In a decision that could have reverberations for library employees across the country, the board of the Public Library of Cincinnati and Hamilton County (PLCHC) announced at its June 14 meeting that the library will not add a rider to its health plan that would cover gender confirmation surgery for Rachel Dovel, who has worked at the library for more than a decade. The seven-member board cited the rider’s additional costs, which would be passed on to the library and its employees.
The infamous Georgia State University (GSU) e-reserves case (Cambridge University Press v. Patton) emerged last month from its long winter slumber to give us yet another 200+ page decision which librarians, lawyers, and publishers have begun to parse and analyze. And, like me, they are probably asking themselves: What does this decision actually mean?
Library officials across Kentucky exhaled with relief on Friday, March 20, after the state Court of Appeals ruled that systems in two northern counties correctly and legally set their annual tax rate based on a decades-old law that allows revenue to be raised without voter approval. The decision reversed two lower-court verdicts and means the Campbell and Kenton County systems will not have to roll back their tax rates 35 years or more, which would have triggered staff layoffs, branch closures, and other draconian cuts.
A public library in Lawrence, MA., has changed its meeting room policy, eliminating restrictions against religious or political expression in that space, after the city settled a lawsuit brought by Liberty Counsel, a non-profit Christian organization that has championed a number of high-profile conservative political causes in recent years.
Former Queens Library (QL) president Thomas W. Galante filed a $2 million suit against his former employer on November 1. Galante, who was placed on administrative leave by the library board of trustees in September 2014 and fired in December for alleged misconduct and mismanagement of library funds, is claiming breach of employment, among other points.
The Daughters of the Republic of Texas (DRT) in September won at least a temporary victory in an ongoing battle for the control of the historical items held at the Daughters of the Republic of Texas Library—now known as the Alamo Research Center (ARC)—located in the historical Alamo complex in San Antonio. The dispute over the collection’s ownership began in July, when the Texas General Land Office (GLO) assumed ownership of the Alamo complex. On September 22 the 407th Judicial District of Bexar County granted the DRT a temporary injunction against the GLO until ownership of the 38,000 books, maps, and flags, artwork, and manuscripts collected by DRT over 70 years can be assessed.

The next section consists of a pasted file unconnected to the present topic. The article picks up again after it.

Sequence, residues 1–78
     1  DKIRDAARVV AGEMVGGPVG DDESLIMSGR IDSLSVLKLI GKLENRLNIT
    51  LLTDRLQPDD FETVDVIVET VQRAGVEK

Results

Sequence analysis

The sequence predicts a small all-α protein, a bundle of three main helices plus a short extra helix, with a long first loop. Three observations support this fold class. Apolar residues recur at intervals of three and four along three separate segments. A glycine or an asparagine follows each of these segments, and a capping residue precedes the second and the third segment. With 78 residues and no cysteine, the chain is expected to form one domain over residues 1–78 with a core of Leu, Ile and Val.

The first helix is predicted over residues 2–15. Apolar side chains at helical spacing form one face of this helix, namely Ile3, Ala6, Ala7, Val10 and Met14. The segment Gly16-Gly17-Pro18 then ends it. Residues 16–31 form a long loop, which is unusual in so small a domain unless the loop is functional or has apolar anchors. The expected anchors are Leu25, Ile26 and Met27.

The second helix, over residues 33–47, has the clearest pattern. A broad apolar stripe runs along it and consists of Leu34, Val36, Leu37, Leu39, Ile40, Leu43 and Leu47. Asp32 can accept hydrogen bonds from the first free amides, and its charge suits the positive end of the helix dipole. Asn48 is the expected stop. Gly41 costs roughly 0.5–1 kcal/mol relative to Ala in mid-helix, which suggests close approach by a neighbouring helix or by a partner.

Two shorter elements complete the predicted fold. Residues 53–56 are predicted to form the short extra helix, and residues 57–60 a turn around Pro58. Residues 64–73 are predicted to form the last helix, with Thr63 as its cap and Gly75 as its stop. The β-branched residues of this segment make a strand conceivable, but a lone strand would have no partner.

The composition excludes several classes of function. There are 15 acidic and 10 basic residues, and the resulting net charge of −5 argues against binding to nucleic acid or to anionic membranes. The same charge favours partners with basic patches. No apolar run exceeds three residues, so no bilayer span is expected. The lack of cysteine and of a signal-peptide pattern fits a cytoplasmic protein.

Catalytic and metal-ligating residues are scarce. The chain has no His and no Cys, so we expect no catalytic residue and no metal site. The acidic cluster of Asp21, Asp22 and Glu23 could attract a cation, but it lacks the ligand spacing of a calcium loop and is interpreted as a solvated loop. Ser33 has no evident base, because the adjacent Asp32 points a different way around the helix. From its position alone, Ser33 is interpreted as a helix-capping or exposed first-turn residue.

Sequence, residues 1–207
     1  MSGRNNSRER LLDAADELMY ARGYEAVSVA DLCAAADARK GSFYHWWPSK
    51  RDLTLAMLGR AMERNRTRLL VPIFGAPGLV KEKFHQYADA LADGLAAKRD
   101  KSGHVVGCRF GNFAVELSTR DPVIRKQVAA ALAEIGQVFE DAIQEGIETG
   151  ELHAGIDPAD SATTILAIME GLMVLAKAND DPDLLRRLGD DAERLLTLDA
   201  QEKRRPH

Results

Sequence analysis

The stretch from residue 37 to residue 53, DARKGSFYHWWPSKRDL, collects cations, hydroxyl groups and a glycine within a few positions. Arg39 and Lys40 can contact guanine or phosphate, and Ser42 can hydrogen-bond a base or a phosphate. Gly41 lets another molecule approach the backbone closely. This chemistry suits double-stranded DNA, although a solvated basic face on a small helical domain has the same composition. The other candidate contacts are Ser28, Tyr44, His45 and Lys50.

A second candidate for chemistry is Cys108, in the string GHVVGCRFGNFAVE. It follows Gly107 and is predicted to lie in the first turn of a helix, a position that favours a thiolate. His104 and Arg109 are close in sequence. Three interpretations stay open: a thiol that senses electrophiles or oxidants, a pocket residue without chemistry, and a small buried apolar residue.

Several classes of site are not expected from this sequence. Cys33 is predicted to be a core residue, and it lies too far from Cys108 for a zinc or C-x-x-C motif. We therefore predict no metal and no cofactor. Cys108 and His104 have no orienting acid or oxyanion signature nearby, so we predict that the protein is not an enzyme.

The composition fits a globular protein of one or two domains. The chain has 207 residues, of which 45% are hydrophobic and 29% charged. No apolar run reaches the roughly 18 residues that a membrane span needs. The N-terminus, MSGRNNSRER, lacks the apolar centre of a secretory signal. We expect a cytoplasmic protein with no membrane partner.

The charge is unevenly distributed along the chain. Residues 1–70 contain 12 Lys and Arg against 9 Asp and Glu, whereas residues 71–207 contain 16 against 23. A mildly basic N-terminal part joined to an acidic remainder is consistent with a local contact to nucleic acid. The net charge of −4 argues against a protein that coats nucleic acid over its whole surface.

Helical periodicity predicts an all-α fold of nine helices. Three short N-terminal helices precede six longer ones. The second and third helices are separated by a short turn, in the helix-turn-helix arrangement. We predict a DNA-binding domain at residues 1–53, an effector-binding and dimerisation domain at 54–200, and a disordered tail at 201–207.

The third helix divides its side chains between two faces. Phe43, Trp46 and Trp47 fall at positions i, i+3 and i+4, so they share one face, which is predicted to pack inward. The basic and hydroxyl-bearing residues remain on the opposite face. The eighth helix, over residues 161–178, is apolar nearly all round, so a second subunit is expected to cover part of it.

In a Statement of Claim dated July 15, 2014, Joe Murphy—a 2009 LJ Mover & Shaker—named librarians nina de jesus and Lisa Rabey as defendants in a civil lawsuit filed in Toronto, Ontario (de jesus is a Canadian citizen). Murphy is suing the two for $1.25 million in damages–$1 million for general defamation, and $250,000 for aggravated exemplary and punitive damages. On March 25, 2015, de jesus and Rabey both published retractions and apologies to the Team Harpy website, which had previously hosted their joint legal defense fund, as well as to their personal blogs and Twitter accounts.
The McLean County Public Library, a one-branch system in the tiny rural community of Livermore, KY, is a valid special taxing district, a state appeals court affirmed in a Jan. 30 decision, enabling it to continue raising revenue without voter approval. McLean County is one of almost 100 county library systems in Kentucky operating as a special taxing district, so the decision was welcome news for the entire Kentucky library community, which is still awaiting the outcome of another pending appeals court case challenging the funding mechanism.